Rainbow 2015 -[edit]

In 2015, Blackmore announced that he would play "all rock" concerts in the summer of 2016 under the banner of 'Ritchie Blackmore's Rainbow', his first rock shows since 1997. The new Rainbow line-up was announced on November 6, 2015. It featured Lords Of Black singer Ronnie Romero, Stratovarius keyboardist Jens Johansson, Blackmore’s Night drummer David Keith and bassist Bob Nouveau (Bob Curiano).[32][33]

The band headlined German edition of the legendary 'Monsters of Rock' festival. They debuted on June 17th, 2016 at the picturesque Loreley Freilichtbuhne, an open-air show in front of an audience of estimated 15,000. On June 18 they played another open-air date in front of 30,000 fans in Bietigheim-Bissingen (Festplatz am Viadukt). The third and final show took place at the Birmingham Genting Arena in England.[34] During the three shows the band played for estimated 60,000 people.

Asked if Rainbow were planning to record a new album, bassist Bob Curiano replied, "I'd love to go into the studio with this Rainbow. All we need is Ritchie to say, 'Let's go!' I think all of us feel under pressure, because of the fans' expectations. For me, the pressure makes me work harder and get better results."[35] However, Blackmore said that they do not have plans for a new album or world tour, and that the reunion is "just a few dates for fun."[36] Blackmore also said that Rainbow have received many offers to do "few more shows again" in the future.[37]

Band members[edit]

Current members
  • Ritchie Blackmore – guitars (1975–1984, 1993–1997, 2015–present)
  • Jens Johansson – keyboards (2015–present)
  • David Keith – drums (2015–present)
  • Bob Nouveau – bass (2015–present)
  • Ronnie Romero – vocals (2015–present)

Discography[edit]

Main article: Rainbow discography

References[edit]

  1. ^ a b Rivadavia, Eduardo. "Rainbow". Allmusic. Retrieved 10 July 2010. 
  2. ^ "VH1's 100 Greatest Artists of Hard Rock". Rate Your Music. Retrieved 13 November 2010. 
  3. ^ a b Robinson, Simon (1996). Mk III: The Final Concerts (Media notes). Deep Purple. Connoisseur Collection. DPVSOPCD-230. 
  4. ^ "Rainbow - 1975-1978". Ronnie James Dio (Official Site). Retrieved 24 June 2009. 
  5. ^ a b Ritchie Blackmore's Rainbow (Media notes). Rainbow. Polydor Records. 1990. 825-089-2. 
  6. ^ Bloom 2007, p. 193.
  7. ^ MORDECHAI KLEIDERMACHER (February 1991). "When There's Smoke.. THERE'S FIRE!". Guitar World. 
  8. ^ Warnock, Matt (28 January 2011). "Ritchie Blackmore: The Autumn Sky Interview". Guitar International Magazine. 
  9. ^ Bloom 2007, p. 186.
  10. ^ Rainbow Rising. CD liner notes: Polydor Records. 
  11. ^ Long Live Rock 'N' Roll. CD liner notes: Polydor Records. 
  12. ^ Bloom 2007, p. 187.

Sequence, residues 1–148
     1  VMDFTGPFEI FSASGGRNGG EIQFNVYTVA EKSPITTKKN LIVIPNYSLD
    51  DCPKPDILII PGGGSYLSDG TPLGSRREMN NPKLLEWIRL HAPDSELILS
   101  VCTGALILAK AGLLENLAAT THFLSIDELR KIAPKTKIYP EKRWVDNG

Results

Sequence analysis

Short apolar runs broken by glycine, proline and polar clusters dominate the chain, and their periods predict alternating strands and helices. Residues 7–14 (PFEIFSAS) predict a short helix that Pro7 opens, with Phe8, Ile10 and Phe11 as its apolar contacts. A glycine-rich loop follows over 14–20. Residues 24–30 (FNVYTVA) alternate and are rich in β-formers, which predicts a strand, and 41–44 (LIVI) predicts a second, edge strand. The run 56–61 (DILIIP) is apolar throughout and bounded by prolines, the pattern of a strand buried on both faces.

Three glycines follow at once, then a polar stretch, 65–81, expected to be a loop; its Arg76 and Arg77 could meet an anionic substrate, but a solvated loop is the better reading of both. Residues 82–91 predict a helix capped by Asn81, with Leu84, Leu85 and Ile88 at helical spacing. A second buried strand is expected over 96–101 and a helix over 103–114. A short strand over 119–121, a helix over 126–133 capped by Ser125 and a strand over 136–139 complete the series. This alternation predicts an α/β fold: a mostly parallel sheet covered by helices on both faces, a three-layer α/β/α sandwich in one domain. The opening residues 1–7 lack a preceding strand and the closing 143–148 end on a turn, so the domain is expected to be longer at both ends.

13. ^ Bloom 2007, p. 184.
  14. ^ Thompson 2004, p. 176.
  15. ^ Robinson, Simon (1977). Rainbow Live in Munich 1977 (liner notes). Eagle Rock Entertainment Ltd. 
  16. ^ a b "Tony Carey Interview". Music Legends. Retrieved 28 May 2013. 
  17. ^ Bloom 2007, p. 189.
  18. ^ a b Bloom 2007, p. 190.
  19. ^ Thompson 2004, pp. 195-196.
  20. ^ Thompson 2004, p. 196.
  21. ^ Bloom 2007, p. 194.
  22. ^ Mark Voger (22 October 2006). "Criss eager to meet television idol Zacherley". Asbury Park Press. p. 6E. 
  23. ^ "Manowar truck to make its debut in Austria this weekend". Austria Today. 8 September 2006. 
  24. ^ Bloom 2007, p. 201-202.
  25. ^ Bloom 2007, p. 203.
  26. ^ Davies, Roy (2002). Rainbow Rising: The Story of Ritchie Blackmore's Rainbow. Helter Skelter Publishing. 
  27. ^ "Roger Glover. 1973-2006 History". Retrieved 23 September 2009. 
  28. ^ "Ritchie Blackmore Bio". Blackmores Night. 8 May 1998. Retrieved 13 November 2010. 
  29. ^ Denisoff, R. Serge (1988). "MTV: Some People Just Don't Get It". Inside MTV. Transaction. p. 284. ISBN 978-0-88738-864-4. Retrieved 13 October 2009. 'Street of Dreams' by Rainbow has a psychiatrist dominating a man through hypnosis intermixed with male-female violent fantasies including a bound and gagged woman. 
  30. ^ "Black Masquerade by Ritchie Blackmore's Rainbow". Amazon.co.uk. Retrieved 2016-01-24. 
  31. ^ Adams, Bret (26 February 2011). "Stranger in Us All". allmusic. 
  32. ^ "Blackmore’s touring lineup revealed". ClassicRock. TeamRock. Retrieved 6 November 2015. 
  33. ^ "RITCHIE BLACKMORE’S RAINBOW: Touring Line-Up Announced". Metal Shock Finland. Retrieved 6 November 2015. 
  34. ^ "Ritchie Blackmore’s Rainbow: Revealed UK Show Date". Metal Shock Finland. Retrieved 6 November 2015. 
  35. ^ "Rainbow ready to record says bassist". Team Rock. Retrieved 5 May 2016. 
  36. ^ "Ritchie Blackmore: No Rainbow tour or album". Team Rock. Retrieved 5 May 2016. 
  37. ^ "RITCHIE BLACKMORE Says RAINBOW 'Might Do A Few More Shows,' Reveals Setlist Will Be '95% RAINBOW Songs'". Blabbermouth.net. 16 July 2016. Retrieved 23 July 2016. 
Books
  • Bloom, Jerry (2007). Black Knight. Music Sales Group. ISBN 9780857120533. 
  • Thompson, Dave (2004). Smoke on the Water: The Deep Purple Story. ECW Press. ISBN 9781550226188. 

Bibliography[edit]

  • Roy Davies, Rainbow Rising - The Story of Ritchie Blackmore's Rainbow (Helter Skelter, 2002)
  • Martin Popoff, Rainbow - English Castle Magic (Metal Blade, 2005)
  • Jerry Bloom, Black Knight - Ritchie Blackmore (Omnibus Press, 2006)
  • Jerry Bloom, Long Live Rock 'n' Roll Story (Wymer Publishing, 2009)

External links[edit]